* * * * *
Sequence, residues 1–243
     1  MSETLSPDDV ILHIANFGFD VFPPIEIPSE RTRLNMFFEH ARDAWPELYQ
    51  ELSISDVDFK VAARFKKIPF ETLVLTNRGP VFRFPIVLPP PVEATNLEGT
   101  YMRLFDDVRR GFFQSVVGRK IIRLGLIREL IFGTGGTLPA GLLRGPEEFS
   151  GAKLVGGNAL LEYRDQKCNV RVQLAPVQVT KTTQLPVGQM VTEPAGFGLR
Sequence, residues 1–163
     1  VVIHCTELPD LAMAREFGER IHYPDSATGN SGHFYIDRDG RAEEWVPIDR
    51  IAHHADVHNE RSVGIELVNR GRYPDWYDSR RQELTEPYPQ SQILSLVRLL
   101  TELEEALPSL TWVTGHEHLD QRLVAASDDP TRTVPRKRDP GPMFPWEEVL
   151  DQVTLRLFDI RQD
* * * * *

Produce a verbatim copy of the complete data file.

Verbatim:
Sequence, residues 1–243
     1  MSETLSPDDV ILHIANFGFD VFPPIEIPSE RTRLNMFFEH ARDAWPELYQ
    51  ELSISDVDFK VAARFKKIPF ETLVLTNRGP VFRFPIVLPP PVEATNLEGT
   101  YMRLFDDVRR GFFQSVVGRK IIRLGLIREL IFGTGGTLPA GLLRGPEEFS
   151  GAKLVGGNAL LEYRDQKCNV RVQLAPVQVT KTTQLPVGQM VTEPAGFGLR
Sequence, residues 1–163
     1  VVIHCTELPD LAMAREFGER IHYPDSATGN SGHFYIDRDG RAEEWVPIDR
    51  IAHHADVHNE RSVGIELVNR GRYPDWYDSR RQELTEPYPQ SQILSLVRLL
   101  TELEEALPSL TWVTGHEHLD QRLVAASDDP TRTVPRKRDP GPMFPWEEVL
   151  DQVTLRLFDI RQD